I recently published my latest Top 100 list and you would be happy to know that Hey Ram is included in it. While I have been a great admirer of Kamal Hassan but after re-watching Hey Ram after all these years, at your suggestion, my admiration for the great man has become tenfold. Since then I have re-watched Hey Ram 4-5 times and now I am fully convinced that it's a great work of cinema that deserves to be on my Top 100.
    God-willing, I will be able to explore Kamal Hassan's other important films, including Virumandi, as well in the due course of time.

    Here's the link to my latest Top 100... I would love to have your thoughts on the same:

    http://www.apotpourriofvestiges.com/2014/04/all-time-best-100-movies-authors-pick.html

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  17. I am extremely sorry to have disappointed you... but, as you yourself seem to agree, these favorite lists are matter of an individual's taste... it not only varies from person to person but it also changes with time.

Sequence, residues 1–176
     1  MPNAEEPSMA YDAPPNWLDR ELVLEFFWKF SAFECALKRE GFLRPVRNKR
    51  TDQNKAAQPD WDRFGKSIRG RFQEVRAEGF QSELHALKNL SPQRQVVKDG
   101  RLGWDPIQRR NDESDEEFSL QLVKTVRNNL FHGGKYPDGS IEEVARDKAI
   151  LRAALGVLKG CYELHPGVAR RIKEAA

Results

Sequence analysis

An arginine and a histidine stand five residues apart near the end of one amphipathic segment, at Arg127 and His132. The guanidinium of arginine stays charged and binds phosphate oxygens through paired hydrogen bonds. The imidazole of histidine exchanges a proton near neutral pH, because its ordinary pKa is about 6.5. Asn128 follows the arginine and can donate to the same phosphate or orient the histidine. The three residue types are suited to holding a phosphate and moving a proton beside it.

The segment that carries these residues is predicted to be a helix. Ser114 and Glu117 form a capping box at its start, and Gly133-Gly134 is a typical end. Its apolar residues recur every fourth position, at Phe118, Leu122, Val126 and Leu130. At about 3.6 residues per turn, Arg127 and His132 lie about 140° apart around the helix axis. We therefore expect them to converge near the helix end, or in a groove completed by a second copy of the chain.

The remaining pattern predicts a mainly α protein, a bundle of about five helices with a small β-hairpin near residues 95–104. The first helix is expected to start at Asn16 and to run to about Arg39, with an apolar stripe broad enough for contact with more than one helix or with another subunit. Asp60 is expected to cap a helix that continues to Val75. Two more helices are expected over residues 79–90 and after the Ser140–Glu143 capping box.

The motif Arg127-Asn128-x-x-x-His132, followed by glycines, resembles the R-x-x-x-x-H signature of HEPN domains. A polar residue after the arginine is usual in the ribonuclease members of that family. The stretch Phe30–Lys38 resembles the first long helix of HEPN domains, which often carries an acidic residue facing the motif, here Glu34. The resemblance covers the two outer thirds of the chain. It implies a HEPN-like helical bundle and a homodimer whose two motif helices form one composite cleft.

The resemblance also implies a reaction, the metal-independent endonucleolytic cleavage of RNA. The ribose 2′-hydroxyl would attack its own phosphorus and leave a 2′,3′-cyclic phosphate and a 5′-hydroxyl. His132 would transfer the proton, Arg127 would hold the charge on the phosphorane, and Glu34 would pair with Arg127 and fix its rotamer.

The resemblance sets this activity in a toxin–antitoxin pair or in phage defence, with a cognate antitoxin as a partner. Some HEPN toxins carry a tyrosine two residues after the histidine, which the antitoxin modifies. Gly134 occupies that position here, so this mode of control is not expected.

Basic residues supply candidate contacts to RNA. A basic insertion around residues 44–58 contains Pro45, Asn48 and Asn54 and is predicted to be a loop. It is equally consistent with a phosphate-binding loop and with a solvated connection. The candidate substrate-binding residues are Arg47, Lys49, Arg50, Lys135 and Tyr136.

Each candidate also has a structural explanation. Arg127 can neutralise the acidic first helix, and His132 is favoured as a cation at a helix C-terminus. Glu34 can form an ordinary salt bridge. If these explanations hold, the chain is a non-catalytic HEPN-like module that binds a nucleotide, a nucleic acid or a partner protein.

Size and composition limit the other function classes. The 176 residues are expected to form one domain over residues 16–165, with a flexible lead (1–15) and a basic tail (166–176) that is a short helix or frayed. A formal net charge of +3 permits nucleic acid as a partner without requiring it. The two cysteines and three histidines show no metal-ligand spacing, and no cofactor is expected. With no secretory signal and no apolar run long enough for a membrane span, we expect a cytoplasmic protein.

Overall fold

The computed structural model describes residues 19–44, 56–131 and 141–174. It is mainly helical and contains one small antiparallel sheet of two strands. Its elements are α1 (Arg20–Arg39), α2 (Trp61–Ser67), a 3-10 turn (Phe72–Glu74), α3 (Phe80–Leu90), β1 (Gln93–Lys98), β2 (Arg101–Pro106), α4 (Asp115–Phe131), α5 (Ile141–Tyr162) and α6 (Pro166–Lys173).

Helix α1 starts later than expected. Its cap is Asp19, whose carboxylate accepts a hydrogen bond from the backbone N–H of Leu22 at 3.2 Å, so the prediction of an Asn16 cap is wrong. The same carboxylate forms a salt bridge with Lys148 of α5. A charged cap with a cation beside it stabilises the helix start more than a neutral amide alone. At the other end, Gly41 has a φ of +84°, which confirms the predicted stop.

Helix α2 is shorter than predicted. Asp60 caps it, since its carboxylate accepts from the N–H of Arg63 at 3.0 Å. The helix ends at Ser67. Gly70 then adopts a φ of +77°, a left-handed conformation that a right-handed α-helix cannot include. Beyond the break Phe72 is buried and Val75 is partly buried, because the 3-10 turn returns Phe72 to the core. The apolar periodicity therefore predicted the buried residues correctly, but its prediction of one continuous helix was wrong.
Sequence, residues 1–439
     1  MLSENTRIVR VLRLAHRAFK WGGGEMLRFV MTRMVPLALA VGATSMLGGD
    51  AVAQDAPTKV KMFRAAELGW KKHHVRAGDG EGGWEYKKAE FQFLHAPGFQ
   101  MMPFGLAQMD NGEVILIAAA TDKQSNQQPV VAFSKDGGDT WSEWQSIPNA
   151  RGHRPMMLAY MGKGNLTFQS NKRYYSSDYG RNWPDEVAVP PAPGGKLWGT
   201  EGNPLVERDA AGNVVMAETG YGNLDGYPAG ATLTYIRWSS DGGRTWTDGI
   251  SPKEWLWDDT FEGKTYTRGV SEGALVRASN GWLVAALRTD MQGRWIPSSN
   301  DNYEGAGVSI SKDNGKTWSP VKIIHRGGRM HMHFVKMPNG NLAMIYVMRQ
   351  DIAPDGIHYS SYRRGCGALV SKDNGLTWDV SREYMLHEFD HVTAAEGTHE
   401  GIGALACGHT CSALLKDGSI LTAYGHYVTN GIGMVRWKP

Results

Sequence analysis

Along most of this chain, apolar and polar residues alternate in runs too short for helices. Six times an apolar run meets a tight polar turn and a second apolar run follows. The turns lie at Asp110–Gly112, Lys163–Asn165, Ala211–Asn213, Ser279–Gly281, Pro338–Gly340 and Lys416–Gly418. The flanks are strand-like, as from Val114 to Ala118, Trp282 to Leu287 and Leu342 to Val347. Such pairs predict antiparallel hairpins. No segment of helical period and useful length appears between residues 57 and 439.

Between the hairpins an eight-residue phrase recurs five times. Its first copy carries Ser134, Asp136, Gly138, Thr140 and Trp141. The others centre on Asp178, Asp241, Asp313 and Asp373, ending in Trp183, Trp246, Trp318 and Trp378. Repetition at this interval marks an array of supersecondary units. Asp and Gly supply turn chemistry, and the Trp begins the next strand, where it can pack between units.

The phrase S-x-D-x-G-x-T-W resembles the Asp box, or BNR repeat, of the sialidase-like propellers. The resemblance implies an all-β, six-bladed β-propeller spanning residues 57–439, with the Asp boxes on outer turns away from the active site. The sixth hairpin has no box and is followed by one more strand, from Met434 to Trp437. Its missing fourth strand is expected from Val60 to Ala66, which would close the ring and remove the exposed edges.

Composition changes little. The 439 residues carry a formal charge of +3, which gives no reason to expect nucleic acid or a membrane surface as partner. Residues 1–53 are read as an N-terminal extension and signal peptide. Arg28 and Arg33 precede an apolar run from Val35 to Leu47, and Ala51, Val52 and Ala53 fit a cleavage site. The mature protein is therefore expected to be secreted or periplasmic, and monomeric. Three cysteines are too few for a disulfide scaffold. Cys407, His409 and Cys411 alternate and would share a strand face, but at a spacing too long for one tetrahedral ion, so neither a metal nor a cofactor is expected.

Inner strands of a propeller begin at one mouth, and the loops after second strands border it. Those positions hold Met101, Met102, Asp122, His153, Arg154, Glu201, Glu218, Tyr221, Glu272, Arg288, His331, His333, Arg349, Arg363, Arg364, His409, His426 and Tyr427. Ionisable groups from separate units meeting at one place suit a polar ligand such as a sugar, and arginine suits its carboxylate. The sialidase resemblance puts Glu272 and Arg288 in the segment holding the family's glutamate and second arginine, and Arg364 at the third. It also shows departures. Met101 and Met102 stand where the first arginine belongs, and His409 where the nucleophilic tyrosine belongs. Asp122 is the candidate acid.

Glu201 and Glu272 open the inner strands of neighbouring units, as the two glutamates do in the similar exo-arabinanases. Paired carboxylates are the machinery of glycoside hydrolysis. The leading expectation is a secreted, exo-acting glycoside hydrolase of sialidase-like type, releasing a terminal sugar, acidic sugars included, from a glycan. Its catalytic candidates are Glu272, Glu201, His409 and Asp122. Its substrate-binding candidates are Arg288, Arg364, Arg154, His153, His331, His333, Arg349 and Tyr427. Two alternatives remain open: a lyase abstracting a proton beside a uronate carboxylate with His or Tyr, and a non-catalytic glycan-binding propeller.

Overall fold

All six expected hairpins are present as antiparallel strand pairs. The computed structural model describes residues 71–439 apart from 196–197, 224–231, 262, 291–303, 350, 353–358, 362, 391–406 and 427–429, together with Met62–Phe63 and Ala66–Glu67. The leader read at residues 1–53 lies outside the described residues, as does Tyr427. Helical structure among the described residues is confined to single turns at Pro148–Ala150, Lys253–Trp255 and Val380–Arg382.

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  18. Well, I am not averse to any genre, in particular... but, I generally don't like films which are too cheesy and light in their depiction of romance. I prefer watching films with "romance" as a sub-genre... period dramas/epics do this wonderfully well.

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  19. yeah true... and like you said favorites changes with time... I am not disappointed with this list anymore as I watched some 20 from your list from the time I first commented and the ones I mentioned, please forget Driving Miss Daisy and Gandhi... :D


    By the way, I am really glad that you included Magnolia... would love to read your review on Magnolia.

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  20. Well, it would take some doing to review it... will do my best, though!!!

    ReplyDelete

Thanks for sharing for valuable opinion. We would be delighted to have you back.